If the crack is located centrally in a finite plate of width and height , an approximate relation for the stress intensity factor is ^{[7]} If the crack is not located centrally along the width, i.e., , the stress intensity factor at location A can be approximated by the series expansion^{[7]}^{[9]} where the factors can be found from fits to stress intensity curves^{[7]}^{:6} for various values of . A similar (but not identical) expression can be found for tip B of the crack. Alternative expressions for the stress intensity factors at A and B are ^{[10]}^{:175} where with In the above expressions is the distance from the center of the crack to the boundary closest to point A. Note that when the above expressions do not simplify into the approximate expression for a centered crack. |
For a plate having dimensions containing an unconstrained edge crack of length , if the dimensions of the plate are such that and , the stress intensity factor at the crack tip under a uniaxial stress is ^{[5]} For the situation where and , the stress intensity factor can be approximated by |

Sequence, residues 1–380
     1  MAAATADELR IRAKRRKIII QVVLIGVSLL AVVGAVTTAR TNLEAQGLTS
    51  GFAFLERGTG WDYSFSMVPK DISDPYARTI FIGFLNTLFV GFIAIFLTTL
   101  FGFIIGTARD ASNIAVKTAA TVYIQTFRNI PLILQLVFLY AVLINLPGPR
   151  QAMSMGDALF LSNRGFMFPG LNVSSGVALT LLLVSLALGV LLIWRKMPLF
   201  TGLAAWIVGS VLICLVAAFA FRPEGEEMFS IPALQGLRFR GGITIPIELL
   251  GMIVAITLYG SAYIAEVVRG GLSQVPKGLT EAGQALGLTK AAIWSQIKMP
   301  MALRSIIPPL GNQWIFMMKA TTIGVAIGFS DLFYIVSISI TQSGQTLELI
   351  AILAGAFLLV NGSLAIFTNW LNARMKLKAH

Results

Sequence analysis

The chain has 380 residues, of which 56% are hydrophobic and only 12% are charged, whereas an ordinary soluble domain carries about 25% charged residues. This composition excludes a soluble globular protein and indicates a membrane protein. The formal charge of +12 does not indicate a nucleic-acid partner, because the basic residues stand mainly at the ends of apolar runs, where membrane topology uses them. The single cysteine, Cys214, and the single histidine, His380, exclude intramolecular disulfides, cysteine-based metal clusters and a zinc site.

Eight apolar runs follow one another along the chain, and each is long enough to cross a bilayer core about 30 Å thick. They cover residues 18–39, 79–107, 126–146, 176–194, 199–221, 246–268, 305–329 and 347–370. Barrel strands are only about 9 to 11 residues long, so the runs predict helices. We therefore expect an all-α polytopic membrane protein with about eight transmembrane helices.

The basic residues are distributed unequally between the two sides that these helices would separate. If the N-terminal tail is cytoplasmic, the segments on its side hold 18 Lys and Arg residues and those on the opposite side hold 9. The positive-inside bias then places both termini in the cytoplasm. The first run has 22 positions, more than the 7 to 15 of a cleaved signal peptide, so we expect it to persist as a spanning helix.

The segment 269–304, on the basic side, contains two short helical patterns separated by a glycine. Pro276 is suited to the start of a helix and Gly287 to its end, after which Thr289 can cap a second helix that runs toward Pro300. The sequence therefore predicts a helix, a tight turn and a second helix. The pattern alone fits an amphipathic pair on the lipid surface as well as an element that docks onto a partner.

For a slanted crack of length in a biaxial stress field with stress in the -direction and in the -direction, the stress intensity factors are ^{[7]}^{[11]} where is the angle made by the crack with the -axis. |
Consider a plate with dimensions containing a crack of length . A point force with components and is applied at the point () of the plate. For the situation where the plate is large compared to the size of the crack and the location of the force is relatively close to the crack, i.e., , , , , the plate can be considered infinite. In that case, for the stress intensity factors for at crack tip B () are ^{[11]}^{[12]} where with , , for plane strain, for plane stress, and is the Poisson's ratio. The stress intensity factors for at tip B are The stress intensity factors at the tip A () can be determined from the above relations. For the load at location , Similarly for the load , |
If the crack is loaded by a point force located at and , the stress intensity factors at point B are^{[7]} If the force is distributed uniformly between , then the stress intensity factor at tip B is |
The stress intensity factor at the crack tip of a compact tension specimen is^{[13]} where is the applied load, is the thickness of the specimen, is the crack length, and is the width of the specimen. |
The stress intensity factor at the crack tip of a single edge notch bending specimen is^{[13]} where is the applied load, is the thickness of the specimen, is the crack length, and is the width of the specimen. |